The reason we stayed at Cousteau was they were one of the hosts for the first South Pacific World Music Festival. The other hosts were the Koro Sun Resort and the SavuSavu Hot Springs Hotel. We didn’t stay at the Hot Springs hotel, but it’s a clean place for travelers on a limited budget (rooms begin at $55 USD). During the week-long festival, a band performed at one of the host properties each night. There were supposed to be bands from all over the region, including Hawaii and Tahiti, but unfortunately some canceled at the last minute. They were also supposed to have either Michael McDonald or Jackson Browne, but that fell through too. However, they did have Fiji’s own world music phenomenon, Black Rose, and Edou from New Caledonia. They also brought in one of Fiji’s most famous singers as the host; Laisa Vulakoro. She has recorded 14 albums, and was really nice*. I spent a lot of time with her, including drinking kava with her and the Tourism Minister, Pita Nacuva.

Another celebrity brought in was Wendie Malick. She’s most famous for the TV show "Just Shoot Me" (she played Nina, the tall ex model). Wendie was very cool to hang with, as was her brother, Scott. One of the highlights of the trip was Thanksgiving night, when Wendie, Scott and four of my colleagues had dinner together at Cousteau (they offered turkey as a dish!). After dinner Black Rose was playing by the pool. We were dancing, and were all hot and sweaty. I said to Wendie and my colleague Lisa, "We should just jump in the pool with our clothes on." They looked at me, and said they’d jump if I did. Sure enough, as soon as I jumped they were on my tail. They practically landed on me. Then it was like a scene out of "Fast Times." Everyone flew through the air into the pool with their clothes on -- including Mike the owner. How wonderful is that?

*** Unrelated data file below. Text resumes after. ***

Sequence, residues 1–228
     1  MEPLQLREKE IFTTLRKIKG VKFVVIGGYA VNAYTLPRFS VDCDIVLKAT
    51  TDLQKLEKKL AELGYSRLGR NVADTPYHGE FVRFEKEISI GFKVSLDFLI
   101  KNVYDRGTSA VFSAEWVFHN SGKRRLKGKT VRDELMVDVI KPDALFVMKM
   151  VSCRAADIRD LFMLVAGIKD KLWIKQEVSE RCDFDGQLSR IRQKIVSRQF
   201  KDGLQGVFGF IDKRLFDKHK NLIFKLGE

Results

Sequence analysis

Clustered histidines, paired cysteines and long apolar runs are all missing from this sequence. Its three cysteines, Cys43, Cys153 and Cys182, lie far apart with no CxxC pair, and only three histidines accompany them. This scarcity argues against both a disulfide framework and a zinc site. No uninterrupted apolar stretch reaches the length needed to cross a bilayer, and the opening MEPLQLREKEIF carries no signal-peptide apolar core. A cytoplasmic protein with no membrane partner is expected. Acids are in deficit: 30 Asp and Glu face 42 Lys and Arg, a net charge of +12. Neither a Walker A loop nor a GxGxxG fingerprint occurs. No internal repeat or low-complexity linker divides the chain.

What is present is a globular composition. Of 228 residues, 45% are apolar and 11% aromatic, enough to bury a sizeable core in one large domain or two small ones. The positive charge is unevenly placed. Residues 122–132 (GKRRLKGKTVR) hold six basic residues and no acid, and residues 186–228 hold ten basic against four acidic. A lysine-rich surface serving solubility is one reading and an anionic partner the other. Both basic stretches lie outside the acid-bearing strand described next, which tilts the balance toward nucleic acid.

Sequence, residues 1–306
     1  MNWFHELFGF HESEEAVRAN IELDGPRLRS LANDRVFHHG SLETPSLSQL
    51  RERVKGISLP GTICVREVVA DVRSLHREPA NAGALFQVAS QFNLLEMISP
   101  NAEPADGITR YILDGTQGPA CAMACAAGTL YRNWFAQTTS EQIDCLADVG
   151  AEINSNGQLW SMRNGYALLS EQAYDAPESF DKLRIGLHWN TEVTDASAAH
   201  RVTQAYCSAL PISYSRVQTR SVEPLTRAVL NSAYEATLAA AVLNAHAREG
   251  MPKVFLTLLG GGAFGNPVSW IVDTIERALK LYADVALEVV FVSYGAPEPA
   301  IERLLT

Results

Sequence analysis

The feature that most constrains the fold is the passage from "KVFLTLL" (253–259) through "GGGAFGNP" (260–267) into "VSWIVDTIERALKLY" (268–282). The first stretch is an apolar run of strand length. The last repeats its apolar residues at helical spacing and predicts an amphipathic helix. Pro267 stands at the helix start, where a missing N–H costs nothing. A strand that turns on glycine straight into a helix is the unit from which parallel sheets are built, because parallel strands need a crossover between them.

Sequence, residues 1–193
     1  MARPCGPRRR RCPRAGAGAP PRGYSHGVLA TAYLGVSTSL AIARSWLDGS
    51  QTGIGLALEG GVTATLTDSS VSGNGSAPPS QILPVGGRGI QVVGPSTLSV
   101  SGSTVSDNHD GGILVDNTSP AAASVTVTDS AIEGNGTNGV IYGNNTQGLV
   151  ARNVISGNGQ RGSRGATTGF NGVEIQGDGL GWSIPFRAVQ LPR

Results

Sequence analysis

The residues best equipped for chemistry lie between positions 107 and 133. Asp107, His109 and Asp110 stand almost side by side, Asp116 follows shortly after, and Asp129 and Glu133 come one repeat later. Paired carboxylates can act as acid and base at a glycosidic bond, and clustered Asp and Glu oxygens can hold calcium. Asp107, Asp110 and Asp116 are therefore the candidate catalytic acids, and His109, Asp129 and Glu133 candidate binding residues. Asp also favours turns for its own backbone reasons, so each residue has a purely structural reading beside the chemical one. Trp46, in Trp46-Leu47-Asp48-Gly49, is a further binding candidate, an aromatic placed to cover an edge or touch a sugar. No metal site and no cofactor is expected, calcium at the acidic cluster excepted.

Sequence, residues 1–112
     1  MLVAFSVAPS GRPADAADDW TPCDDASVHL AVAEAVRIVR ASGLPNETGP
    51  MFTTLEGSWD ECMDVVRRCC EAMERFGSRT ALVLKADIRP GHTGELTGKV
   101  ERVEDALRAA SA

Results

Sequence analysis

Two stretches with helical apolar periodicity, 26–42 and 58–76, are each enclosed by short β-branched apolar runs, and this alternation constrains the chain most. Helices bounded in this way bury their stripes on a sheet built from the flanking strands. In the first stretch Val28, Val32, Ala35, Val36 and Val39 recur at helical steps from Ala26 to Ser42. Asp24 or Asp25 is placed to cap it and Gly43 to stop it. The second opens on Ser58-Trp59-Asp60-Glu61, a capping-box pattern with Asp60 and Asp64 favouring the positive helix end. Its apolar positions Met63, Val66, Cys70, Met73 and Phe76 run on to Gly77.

As one can tell I am totally sold on this place, actually they had me at Bula!

SPECIAL: January 15, 2005 through April 15, 2005 (excluding holiday periods), Cousteau offers a "Winter Getaway in Fiji" package deal. You get two nights free (when you pay for five nights), and receive two free massages! The offer is based on double occupancy, in oceanfront accommodations or better. Taxes and gratuities are additional. Blackout dates, other terms and conditions apply. Subject to availability. For reservations and information , contact Randy Gardner at 1-800-246-3454, via email at info@fijiresort.com or online at FijiResort.com. Special airfares to Fiji are available with this "WINTER GETAWAY IN FIJI" package; call Scott at 800-845-1054.

Merry Christmas and Happy Travels,

Johnny Jet
*Please tell us what you think of this week's newsletter!

Pictures From

The Trip


Jean-Michel Cousteau Resort


Welcome Greeting





Mike Freed





Inside Bure



Cousteau Dock



Day Beds by Pool



Pool Towel


Outside Dining


Glass Bottom Boat


Private Island


Bula Boys




Wendie Malick


Dancing at Music Festival


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  • Dude, you sold me on this place. I’m getting married on January 22nd, and THIS is the place I want to go. Cripe, what a place! Aaron - Boston
  • The Taveuni newsletter was one of your best! I'd love to go there! Thanks, Linda - ??